DNSSEC is a suite of security extensions to the DNS which provide origin authority, data intergity and authenticated denial of existance. Putting that in plain English, DNSSEC allows for a DNS zone to be cryptographically signed (which produces digital signatures), and provides a mechanism for validating the authenticity of the data received using these digital signatures. Validating resolvers and servers must be pre-configured with a Trust Anchor, using which a “chain of trust” will be established to the signed zone. Data from this signed zone can then be validated.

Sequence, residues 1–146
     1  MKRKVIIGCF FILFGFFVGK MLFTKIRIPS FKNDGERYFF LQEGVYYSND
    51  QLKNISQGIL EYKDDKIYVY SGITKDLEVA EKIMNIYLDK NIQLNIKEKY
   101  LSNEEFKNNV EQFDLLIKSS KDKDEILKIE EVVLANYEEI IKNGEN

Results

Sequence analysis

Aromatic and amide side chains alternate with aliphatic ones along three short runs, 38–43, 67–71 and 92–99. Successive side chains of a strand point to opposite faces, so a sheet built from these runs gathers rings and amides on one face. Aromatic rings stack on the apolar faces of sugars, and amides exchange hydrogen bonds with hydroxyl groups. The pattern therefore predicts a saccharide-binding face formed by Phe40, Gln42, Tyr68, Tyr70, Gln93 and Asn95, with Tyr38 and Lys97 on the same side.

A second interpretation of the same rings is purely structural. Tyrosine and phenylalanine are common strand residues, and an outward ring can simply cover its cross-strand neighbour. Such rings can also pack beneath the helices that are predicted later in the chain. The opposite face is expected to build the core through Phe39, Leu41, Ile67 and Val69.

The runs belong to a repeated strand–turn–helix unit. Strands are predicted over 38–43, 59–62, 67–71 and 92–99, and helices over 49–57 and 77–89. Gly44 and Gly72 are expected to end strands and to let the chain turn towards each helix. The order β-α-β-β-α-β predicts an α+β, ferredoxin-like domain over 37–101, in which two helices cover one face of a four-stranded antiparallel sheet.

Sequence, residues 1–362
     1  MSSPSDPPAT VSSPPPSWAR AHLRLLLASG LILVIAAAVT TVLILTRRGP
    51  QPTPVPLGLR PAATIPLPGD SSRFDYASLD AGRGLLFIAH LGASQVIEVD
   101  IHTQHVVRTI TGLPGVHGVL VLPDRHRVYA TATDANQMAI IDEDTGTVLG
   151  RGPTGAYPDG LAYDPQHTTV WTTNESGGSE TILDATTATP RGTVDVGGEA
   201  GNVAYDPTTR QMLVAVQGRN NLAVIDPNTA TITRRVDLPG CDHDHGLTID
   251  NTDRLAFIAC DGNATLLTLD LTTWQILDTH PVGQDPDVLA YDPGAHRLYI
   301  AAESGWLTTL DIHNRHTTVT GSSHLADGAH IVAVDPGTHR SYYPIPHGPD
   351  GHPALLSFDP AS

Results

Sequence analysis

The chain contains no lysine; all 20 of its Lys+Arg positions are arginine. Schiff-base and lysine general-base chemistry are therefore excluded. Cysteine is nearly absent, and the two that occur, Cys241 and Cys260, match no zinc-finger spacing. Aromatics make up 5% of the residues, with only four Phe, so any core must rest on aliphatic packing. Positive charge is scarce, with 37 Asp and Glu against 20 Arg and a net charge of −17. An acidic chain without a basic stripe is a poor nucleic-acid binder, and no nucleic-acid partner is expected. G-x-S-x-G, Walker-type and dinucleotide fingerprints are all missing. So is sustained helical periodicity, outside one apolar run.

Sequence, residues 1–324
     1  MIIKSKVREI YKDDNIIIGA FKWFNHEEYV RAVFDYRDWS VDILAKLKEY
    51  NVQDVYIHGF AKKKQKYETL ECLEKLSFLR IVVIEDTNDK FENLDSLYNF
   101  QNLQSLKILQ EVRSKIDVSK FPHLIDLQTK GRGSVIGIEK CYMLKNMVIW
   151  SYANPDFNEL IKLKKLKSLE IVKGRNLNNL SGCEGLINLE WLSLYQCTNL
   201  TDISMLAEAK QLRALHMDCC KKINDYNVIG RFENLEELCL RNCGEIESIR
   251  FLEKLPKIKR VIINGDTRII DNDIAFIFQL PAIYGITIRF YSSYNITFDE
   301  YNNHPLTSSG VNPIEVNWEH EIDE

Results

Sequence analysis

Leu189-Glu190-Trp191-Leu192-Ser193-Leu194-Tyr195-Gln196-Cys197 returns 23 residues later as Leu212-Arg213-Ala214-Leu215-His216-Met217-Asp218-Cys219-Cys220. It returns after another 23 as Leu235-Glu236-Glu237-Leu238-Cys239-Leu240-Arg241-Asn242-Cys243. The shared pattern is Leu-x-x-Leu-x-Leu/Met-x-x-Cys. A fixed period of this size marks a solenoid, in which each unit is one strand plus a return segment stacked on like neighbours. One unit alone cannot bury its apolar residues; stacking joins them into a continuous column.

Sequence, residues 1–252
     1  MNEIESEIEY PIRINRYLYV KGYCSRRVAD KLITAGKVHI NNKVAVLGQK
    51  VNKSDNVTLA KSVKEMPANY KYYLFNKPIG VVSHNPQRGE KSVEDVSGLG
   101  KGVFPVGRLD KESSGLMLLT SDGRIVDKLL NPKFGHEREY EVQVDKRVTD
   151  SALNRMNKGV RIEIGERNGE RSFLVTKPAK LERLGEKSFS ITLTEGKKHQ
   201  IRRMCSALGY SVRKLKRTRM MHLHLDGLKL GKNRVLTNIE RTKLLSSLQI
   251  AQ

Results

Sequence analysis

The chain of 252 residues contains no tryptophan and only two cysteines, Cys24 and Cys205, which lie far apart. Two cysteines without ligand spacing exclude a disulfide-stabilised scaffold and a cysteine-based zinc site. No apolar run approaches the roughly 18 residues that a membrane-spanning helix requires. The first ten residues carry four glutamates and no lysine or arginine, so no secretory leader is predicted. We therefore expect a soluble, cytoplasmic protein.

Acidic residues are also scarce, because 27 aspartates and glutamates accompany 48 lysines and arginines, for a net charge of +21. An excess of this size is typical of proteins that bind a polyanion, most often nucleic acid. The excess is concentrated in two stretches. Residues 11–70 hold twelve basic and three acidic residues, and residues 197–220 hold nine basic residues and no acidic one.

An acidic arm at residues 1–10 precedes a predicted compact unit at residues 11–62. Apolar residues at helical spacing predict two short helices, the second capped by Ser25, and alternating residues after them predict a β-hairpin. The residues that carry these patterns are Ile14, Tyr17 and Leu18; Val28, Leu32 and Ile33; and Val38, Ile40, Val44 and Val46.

The new and improved DNSSEC RFCs were published in 2005, and since then DNSSEC has seen a steady growth in attention. However this year, things took a much more dramatic turn mainly because of the vulnerabilities that were revealed at BlackHat by researcher Dan Kaminsky. More and more people are showing interest in DNSSEC as a good solution to lock down their DNS infrastructures.